This is a commentary from Del. Ken Plum (D-Fairfax), who represents Reston in Virginia’s House of Delegates. It does not reflect the opinion of Reston Now.
Never in my years in politics have I gotten as many questions from people as to what they can do to be more active in political affairs.
While the circumstances at the federal level that have given rise to this question are deplorable, there is a need to take advantage of this new or renewed interest on the part of citizens to get involved with their government. For folks who have been involved as volunteers in political campaigns or as advocates in issue-oriented organizations the lack of awareness and knowledge of the governmental processes on the part of their new helpers and associates is astonishing.
Even so, it is absolutely essential that the new interests be acknowledged and respected and activities and mentoring take place to ensure that the maximum number of people participate in civic affairs and upcoming elections. I was pleased that a civic engagement fair that I sponsored on a Saturday morning earlier this year attracted more than 300 attendees. The goal of the event was to match up organizations with potential volunteers and members. New movements like Indivisible have sprung up around the country, with the local Herndon-Reston Indivisible attracting as many as 400 attendees at one of its early meetings. The group has formed several very active interest groups.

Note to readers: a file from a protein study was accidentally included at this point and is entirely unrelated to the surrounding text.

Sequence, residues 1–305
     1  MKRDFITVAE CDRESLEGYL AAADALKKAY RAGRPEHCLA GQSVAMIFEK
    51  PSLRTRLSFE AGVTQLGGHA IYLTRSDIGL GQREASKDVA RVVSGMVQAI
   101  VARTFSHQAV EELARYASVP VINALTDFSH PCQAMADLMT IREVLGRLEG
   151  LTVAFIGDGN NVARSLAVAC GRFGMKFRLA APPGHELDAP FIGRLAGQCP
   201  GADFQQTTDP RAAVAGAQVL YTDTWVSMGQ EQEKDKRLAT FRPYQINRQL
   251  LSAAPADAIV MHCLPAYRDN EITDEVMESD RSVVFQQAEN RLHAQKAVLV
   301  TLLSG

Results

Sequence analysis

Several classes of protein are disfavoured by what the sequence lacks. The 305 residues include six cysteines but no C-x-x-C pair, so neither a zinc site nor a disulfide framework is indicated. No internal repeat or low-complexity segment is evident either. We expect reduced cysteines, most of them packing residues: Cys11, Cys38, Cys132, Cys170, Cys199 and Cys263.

Strong interest in more involvement in civic affairs is of course not limited to this region or state; it is national in scope. The most recent issue of the Council of State Governments publication, Capitol Ideas, has civic engagement as its theme. It looks at such concerns as “the key to repair trust in government” and “how technology reshaped civic engagement.” If one word was used to summarize the articles in this edition of the journal read by state government officials nationwide, it would be education. An article entitled “Civic Education: A Key to Trust” includes a harsh review of the way civics is taught in the public schools: “Unfortunately, the nation’s schools have been generally unhelpful in providing the kind of information that can teach their students how their governments actually work.” The result is that only 23 percent of eighth-graders scored at or above proficiency in civics, according to research by the National Assessment of Educational Progress in 2014.
Improving civic education in our schools is critical to expanding engagement in the future, but action needs to be taken to involve more adults right now. The most obvious place to start is with voter participation in elections. Among the 35 nations involved in the Organisation for Economic Co-operation and Development, the United States ranked a shameful 31st in voter turnout. Laws need to be changed and increased emphasis needs to be given to removing barriers to voting and to getting people to the polls.
The recent influx of citizens interested in working for civic engagement can do a great deal to improve our political system — starting by encouraging others to vote on Election Day.